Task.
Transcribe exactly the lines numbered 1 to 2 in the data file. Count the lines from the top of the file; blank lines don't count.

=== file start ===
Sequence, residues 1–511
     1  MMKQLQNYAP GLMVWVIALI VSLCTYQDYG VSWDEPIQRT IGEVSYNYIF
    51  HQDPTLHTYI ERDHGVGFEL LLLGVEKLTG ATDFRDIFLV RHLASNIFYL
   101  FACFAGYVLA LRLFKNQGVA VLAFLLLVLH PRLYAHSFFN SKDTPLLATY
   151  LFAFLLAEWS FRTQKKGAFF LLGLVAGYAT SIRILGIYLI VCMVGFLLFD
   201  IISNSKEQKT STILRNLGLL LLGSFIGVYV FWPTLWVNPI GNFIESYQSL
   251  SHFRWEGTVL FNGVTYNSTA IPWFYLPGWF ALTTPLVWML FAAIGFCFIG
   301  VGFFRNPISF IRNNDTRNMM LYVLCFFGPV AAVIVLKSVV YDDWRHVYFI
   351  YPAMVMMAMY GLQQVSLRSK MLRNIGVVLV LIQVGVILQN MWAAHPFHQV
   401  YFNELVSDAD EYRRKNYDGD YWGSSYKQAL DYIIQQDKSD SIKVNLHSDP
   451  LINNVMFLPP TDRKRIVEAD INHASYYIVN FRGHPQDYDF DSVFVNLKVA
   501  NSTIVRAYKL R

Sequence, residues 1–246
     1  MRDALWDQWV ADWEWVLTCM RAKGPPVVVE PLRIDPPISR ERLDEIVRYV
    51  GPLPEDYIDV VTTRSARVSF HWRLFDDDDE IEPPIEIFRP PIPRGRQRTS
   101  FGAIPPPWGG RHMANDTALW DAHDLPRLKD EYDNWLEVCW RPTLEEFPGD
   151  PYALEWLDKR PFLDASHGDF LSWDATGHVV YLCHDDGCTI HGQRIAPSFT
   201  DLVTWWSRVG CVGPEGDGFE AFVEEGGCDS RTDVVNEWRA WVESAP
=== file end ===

Sequence, residues 1–511
     1  MMKQLQNYAP GLMVWVIALI VSLCTYQDYG VSWDEPIQRT IGEVSYNYIF